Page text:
Picard and Bergson on Christmas

There is a scene in the movie Star Trek Generations in which Picard the captain of the Enterprise finds himself in the most wonderful Christmas celebration ever depicted in film. It blows It’s a Wonderful Life‘s final scene out of the water. Light snow is falling outside, and a cozy fire is seen on the hearth. An old fashion Christmas tree, standing quietly aglow, decorated with bows and candles, and loaded with presents graces the room with warmth. Young children ask if papa will read to them a Christmas story. In soft light, his wife, a match to the beauty that surounds the evening in form, demeanor, and countinence, tells him dinner is almost ready. It is the prefect recreation of the perfect Christmas. The warmth, the simplicity, family, friends, and the feeling that captures all the elements we identify with the magic of Christmas are in place. Every time I see it I sigh with longing. It’s a combination of childhood wishes, Dickensian merriment, and Celestial Kingdom level family togetherness. You can smell the turkey and peppermint candles.

Picard abandons it all to go grab Captain Kirk and go fist-fight the bad guys.

Why? Because this place is not his place. This story is not his and although we recognize the Christmas he is abandoning would be marvelous if it really were our own story, we understand Picard’s choice because we know it is not his story either. There is a time and place that has meaning for Picard and this is not it. He has to go save his world.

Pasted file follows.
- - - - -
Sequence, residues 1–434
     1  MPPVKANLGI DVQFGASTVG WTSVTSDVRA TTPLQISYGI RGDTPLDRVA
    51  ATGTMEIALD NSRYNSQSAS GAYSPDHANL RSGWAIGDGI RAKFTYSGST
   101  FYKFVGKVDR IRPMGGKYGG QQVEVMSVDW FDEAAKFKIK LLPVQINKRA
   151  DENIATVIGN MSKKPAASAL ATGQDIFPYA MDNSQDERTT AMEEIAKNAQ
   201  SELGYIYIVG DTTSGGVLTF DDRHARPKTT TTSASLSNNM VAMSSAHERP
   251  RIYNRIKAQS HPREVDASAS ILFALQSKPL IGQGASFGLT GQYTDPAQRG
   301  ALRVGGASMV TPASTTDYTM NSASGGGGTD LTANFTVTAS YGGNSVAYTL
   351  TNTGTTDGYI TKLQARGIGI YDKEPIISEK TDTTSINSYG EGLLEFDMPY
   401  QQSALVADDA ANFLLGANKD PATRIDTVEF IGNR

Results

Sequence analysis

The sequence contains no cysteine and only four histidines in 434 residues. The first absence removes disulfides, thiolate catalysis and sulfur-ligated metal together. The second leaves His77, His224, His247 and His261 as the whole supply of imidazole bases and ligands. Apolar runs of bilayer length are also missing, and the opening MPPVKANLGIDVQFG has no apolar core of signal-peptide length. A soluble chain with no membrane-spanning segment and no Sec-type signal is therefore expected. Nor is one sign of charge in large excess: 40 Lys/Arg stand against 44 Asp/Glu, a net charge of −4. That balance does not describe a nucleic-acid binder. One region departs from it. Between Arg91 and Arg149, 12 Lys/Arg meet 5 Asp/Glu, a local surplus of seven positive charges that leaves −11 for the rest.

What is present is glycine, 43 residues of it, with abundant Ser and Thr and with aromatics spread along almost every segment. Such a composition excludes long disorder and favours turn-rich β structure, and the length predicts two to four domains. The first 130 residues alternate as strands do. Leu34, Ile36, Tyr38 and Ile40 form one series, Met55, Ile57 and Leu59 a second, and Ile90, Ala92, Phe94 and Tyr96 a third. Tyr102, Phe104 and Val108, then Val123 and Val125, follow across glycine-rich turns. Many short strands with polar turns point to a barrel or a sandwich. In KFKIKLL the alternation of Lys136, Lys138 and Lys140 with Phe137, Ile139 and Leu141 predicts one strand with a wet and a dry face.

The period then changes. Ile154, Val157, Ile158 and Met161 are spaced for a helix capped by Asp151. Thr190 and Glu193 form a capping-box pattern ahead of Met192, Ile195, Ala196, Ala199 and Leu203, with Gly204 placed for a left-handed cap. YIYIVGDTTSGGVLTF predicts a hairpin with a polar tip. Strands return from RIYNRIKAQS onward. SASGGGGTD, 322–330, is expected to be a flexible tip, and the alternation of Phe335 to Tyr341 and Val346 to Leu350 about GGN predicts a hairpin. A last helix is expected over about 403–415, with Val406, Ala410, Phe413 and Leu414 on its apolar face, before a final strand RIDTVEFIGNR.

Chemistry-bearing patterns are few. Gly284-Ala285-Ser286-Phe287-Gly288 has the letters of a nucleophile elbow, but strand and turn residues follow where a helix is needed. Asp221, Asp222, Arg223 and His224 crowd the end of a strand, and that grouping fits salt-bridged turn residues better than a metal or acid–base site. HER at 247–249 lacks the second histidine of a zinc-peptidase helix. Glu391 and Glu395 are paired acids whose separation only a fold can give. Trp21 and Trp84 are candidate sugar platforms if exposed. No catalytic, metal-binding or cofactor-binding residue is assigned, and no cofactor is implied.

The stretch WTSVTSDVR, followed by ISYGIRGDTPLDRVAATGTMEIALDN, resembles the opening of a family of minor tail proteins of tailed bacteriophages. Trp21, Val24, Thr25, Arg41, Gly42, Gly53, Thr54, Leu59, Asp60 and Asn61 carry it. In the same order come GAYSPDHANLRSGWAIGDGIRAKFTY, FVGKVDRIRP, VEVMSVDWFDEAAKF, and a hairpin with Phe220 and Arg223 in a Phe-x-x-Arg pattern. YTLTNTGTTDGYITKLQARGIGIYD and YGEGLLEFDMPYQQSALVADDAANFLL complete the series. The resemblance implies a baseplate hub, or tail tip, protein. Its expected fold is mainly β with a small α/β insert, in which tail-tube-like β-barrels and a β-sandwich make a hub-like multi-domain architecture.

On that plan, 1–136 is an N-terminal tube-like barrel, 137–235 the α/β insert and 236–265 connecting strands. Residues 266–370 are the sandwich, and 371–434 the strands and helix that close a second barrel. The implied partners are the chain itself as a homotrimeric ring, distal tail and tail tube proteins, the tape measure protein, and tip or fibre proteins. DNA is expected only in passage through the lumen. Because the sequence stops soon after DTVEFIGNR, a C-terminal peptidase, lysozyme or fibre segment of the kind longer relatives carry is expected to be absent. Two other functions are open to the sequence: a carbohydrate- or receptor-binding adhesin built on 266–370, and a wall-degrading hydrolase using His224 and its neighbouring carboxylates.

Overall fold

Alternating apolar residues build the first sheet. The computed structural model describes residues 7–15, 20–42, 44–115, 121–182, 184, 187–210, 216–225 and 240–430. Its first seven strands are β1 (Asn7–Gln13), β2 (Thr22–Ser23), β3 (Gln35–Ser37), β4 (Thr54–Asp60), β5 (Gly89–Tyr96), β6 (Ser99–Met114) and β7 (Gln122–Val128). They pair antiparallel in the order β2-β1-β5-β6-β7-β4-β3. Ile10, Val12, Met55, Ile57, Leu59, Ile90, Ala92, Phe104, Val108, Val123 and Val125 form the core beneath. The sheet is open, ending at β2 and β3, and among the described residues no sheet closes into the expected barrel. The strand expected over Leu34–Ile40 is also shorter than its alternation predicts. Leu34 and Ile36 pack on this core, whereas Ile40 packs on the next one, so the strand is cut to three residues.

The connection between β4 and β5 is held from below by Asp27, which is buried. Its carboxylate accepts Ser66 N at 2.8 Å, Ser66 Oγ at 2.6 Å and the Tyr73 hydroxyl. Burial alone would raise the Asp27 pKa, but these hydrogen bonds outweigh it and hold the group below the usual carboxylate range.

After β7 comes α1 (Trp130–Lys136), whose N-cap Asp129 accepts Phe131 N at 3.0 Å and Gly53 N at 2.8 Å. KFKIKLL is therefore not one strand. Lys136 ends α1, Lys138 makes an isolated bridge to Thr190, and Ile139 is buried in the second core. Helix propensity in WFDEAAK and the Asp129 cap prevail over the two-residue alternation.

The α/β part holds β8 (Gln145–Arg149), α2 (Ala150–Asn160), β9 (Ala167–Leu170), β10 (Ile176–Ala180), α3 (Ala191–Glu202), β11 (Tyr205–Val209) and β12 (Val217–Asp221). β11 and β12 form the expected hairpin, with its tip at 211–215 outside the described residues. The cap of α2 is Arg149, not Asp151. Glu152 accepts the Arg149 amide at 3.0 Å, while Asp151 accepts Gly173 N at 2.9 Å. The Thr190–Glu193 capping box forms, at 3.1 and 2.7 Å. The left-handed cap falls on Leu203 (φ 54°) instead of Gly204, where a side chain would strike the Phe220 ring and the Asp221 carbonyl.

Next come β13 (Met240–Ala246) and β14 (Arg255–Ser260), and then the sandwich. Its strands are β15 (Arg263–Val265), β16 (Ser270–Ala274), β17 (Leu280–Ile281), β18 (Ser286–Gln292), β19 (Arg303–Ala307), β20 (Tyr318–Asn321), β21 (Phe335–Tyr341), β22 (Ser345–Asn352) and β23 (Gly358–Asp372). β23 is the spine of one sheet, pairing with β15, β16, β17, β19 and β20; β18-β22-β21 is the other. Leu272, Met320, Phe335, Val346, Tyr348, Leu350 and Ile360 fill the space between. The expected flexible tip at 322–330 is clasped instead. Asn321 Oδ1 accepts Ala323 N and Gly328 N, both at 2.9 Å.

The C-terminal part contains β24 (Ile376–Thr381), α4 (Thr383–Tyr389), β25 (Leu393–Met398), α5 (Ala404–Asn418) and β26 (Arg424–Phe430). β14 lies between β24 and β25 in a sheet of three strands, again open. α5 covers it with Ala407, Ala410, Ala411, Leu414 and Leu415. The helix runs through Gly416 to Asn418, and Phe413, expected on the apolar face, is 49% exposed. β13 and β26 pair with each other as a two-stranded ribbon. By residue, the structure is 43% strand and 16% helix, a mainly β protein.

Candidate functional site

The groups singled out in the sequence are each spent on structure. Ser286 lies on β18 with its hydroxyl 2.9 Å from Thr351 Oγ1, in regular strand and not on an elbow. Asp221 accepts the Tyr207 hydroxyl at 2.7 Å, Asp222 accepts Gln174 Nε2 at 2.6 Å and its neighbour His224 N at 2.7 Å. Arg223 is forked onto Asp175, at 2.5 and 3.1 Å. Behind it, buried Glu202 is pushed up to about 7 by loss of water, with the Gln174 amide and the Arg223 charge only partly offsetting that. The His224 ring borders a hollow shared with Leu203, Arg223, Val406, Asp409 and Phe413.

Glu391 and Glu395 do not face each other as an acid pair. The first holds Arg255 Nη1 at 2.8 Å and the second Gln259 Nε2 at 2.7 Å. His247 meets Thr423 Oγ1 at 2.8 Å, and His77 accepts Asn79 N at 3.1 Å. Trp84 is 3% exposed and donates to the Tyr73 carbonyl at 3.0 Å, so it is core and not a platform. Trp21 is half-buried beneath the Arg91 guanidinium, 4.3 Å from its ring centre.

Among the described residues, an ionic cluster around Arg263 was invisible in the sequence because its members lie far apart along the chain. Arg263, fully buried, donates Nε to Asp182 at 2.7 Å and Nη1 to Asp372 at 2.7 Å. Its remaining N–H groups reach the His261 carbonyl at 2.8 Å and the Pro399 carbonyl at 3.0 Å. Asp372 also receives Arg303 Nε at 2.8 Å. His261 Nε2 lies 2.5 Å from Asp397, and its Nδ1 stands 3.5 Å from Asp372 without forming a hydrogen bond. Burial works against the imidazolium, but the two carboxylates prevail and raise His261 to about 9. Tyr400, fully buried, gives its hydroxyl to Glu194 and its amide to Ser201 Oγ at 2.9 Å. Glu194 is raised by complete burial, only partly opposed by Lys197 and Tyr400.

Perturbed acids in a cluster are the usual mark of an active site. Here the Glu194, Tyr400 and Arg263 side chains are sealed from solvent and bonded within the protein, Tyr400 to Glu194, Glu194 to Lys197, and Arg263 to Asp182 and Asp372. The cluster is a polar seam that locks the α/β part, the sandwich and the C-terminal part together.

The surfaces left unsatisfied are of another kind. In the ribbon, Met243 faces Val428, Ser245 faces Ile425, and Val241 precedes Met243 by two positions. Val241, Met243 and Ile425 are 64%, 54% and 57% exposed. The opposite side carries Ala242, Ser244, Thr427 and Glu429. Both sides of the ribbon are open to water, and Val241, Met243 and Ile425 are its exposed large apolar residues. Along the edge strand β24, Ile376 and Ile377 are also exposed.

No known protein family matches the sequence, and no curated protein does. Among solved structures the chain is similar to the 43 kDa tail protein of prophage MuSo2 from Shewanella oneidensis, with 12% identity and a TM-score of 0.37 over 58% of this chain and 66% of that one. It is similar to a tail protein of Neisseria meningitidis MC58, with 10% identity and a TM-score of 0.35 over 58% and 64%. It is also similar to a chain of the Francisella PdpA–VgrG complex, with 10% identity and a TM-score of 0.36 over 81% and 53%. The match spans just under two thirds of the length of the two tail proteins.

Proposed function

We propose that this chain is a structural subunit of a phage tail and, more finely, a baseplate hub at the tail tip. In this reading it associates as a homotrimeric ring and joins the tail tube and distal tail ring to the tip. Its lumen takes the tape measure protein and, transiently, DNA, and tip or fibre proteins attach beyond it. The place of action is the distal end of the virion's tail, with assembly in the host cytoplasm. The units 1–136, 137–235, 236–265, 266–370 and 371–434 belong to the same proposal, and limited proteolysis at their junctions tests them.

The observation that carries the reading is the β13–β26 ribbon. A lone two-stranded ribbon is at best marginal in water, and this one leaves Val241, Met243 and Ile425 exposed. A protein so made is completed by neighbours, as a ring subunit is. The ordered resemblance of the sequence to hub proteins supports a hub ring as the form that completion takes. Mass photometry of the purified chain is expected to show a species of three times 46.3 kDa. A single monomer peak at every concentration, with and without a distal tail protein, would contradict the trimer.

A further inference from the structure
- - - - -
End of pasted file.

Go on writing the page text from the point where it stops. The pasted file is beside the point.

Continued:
My Christmas Eves as a child were as magical as Picard’s Nexus portrayal. My Swedish Grandfather would pass out presents from a tree decorated with just such old-world charm and enchantment. It was the kind of Christmas in I can’t seem to capture today. Or do I?

Like many of you this Christmas Season, I will be dusting off my copy of Bergson, the grand French philosopher who combined evolution with purpose and direction in a random universe, and reading by the light of deep snow still falling softly.

Bergson recognizes that we are each embedded in complexity. He calls this duration. We exist not just in time and space, but in a field of memory and experience. We cannot be reduced to only quantifiable enumerations that can be represented by a point on a graph (even a very multi-dimensional one). This complexity, or duration, in which we participate, always is unique and different because it occurs in a context that includes memories of our other experiences and those inform and give new meaning to our present experience. This gives life a richness and depth that does not allow a juxtaposition with other people’s experience and the meaning of their lives. We are all unique and cannot be reduced to sum of some set of separately discernible traits. We are mixtures of time, memory, and place. And we must accept that others around us are such entities as well, and sympathize, in the fullest sense of the word, with their complexity—their duration. If we try to reduce others to the simple addition of a bunch of parts, habits, or personality types (or whatever) we are ignoring not only what we want others to recognize in us, but are reducing them to something other than they are. We do them a disservice thereby. ‘So and so are X, Y, and Z.’ disses what they really are. With that reduction of others comes also the temptation to reduce ourselves in the same way. We are harmed when we don’t recognize how wonderfully complex we are and how similarly unique others are. It would be hard to hate anyone, I’m convinced, if we could watch the tape reel of their life unfold. This Christmas I want to bow to such complexities.